• Image by Mark Garbowski used with Attribution as directed by Creative Commons http://toomuchglass.net/2010/12/02/la-la-la-la/ We’re Tuning Out the Noise© 2012 Altimeter Group
  • 3 77% of Internet users do not engage with online advertising. A shift from ―push‖ to ―pull‖ marketing is imperative to brand survival. Source: Kramer, Staci D. "Pew: Online News Users Don’t Want To Pay—Or Look At Ads" The Economics of Digital Content. Mar. 2010. <http://paidcontent.org/article/419-pew-online-news-users-dont-want-to-pay-or-look-at-ads/>.© 2012 Altimeter Group
  • Shifting from ―Push‖ to ―Pull‖  Company culture  Resources and staffing  Budgets  Service provider relationships  Training  Tools vs. strategy  Advertising integration© 2012 Altimeter Group
  • Image by wjklos used with Attribution as directed by Creative Commons http://www.flickr.com/photos/wjklos/196781213 It’s Time to Rebalance© 2012 Altimeter Group
  • A Need for ―Rebalance‖  Advertising campaigns vs. continual initiatives  New demands on marketing departments and the enterprise  Emerging technology allows any brand to function as a media company© 2012 Altimeter Group
  • 7 Organizations that rebalance now will enhance and improve their marketing initiatives, spend more effectively, and align to meet changing consumer expectations.© 2012 Altimeter Group
  • Image by icebirdy used with Attribution as directed by Creative Commons http://www.flickr.com/photos/icebirdy/3153588850 Rebalance with Content© 2012 Altimeter Group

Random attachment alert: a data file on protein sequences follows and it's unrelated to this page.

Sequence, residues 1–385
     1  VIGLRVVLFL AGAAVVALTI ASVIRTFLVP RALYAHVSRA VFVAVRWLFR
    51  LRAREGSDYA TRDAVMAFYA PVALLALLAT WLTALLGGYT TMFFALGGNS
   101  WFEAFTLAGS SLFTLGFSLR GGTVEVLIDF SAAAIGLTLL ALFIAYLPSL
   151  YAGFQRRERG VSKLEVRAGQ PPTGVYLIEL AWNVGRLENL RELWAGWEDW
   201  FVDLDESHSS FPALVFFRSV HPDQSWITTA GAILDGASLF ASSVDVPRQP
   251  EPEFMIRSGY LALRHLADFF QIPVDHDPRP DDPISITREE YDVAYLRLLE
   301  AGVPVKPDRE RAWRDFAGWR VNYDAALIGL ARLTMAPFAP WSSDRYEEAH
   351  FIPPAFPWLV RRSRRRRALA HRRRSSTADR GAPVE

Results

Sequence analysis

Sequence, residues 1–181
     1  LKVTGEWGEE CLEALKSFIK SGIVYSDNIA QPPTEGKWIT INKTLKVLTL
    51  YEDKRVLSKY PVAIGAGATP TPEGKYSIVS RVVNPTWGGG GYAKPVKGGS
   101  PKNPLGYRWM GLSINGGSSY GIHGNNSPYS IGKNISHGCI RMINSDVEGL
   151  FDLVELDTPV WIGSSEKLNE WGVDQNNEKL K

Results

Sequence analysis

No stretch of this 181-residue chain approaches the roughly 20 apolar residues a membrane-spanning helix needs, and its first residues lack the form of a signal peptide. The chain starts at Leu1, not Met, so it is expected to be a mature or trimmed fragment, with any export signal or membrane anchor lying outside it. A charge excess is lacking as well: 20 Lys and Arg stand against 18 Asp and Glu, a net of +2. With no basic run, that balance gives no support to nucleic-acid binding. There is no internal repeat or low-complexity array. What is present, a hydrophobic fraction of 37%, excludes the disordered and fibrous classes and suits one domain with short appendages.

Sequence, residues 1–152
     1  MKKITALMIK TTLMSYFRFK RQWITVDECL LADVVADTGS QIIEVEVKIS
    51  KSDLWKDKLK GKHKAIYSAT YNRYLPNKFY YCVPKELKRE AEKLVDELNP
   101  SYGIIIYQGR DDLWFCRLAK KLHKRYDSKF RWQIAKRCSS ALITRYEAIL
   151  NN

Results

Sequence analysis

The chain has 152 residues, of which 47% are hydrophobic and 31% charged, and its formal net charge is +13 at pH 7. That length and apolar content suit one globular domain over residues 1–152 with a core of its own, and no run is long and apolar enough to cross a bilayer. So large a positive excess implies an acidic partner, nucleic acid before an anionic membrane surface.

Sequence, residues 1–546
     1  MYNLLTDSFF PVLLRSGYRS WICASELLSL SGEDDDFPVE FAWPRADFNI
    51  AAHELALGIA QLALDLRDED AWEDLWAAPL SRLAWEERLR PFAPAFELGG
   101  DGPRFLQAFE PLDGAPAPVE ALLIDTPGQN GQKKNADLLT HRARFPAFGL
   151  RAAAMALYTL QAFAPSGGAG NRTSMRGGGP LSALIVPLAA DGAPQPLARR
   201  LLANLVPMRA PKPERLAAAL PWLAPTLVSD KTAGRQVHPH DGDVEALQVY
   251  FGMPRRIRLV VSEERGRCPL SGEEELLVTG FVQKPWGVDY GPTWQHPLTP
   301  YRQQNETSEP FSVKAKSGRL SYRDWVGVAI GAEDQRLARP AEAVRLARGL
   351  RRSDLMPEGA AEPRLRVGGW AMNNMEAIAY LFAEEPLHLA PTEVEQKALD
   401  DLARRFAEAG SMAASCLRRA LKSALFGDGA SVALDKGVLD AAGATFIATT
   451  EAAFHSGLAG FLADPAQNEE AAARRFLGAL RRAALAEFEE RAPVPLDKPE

• 9 Content marketing is a pull strategy— it’s the marketing of attraction. It’s being there when consumers need you, and seek you out with relevant, educational, helpful, compelling, engaging and sometimes entertaining information.© 2012 Altimeter Group
  • Three Types of Content Marketing 1. Entertains 2. Informs and Educates 3. Provides Utility© 2012 Altimeter Group
  • Determine Your Purpose 1. Entertain – IBM 2. Inform and Educate 3. Provide Utility© 2012 Altimeter Group
  • IBM Mainframe: The Art of the Sale video series entertains consumers, spreads virally© 2012 Altimeter Group
  • Determine Your Purpose 1. Entertain – IBM 2. Inform and Educate – American Express 3. Provide Utility© 2012 Altimeter Group
  • AMEX leverages branded content to inform and educate with OPEN Forum© 2012 Altimeter Group
  • Determine Your Purpose 1. Entertain – IBM 2. Inform and Educate – American Express 3. Provide Utility - GE© 2012 Altimeter Group
  • 16 GE Transformers iPad app proves useful to its engineer community© 2012 Altimeter Group
  • Image by lwr used with Attribution as directed by Creative Commons http://www.flickr.com/photos/lwr/839359065 The Impact of Content© 2012 Altimeter Group
  • Content Marketing Builds Stronger Brands  Awareness  Trust  Purchase Intent  Word-of-mouth  Customer Engagement  Lower Acquisition Costs© 2012 Altimeter Group
  • Content Marketing Changes the Game  Earned and owned media  Long-term initiatives vs. short-term campaigns  New skills as publishers, producers and community managers  Evolution from advertisers to storytellers© 2012 Altimeter Group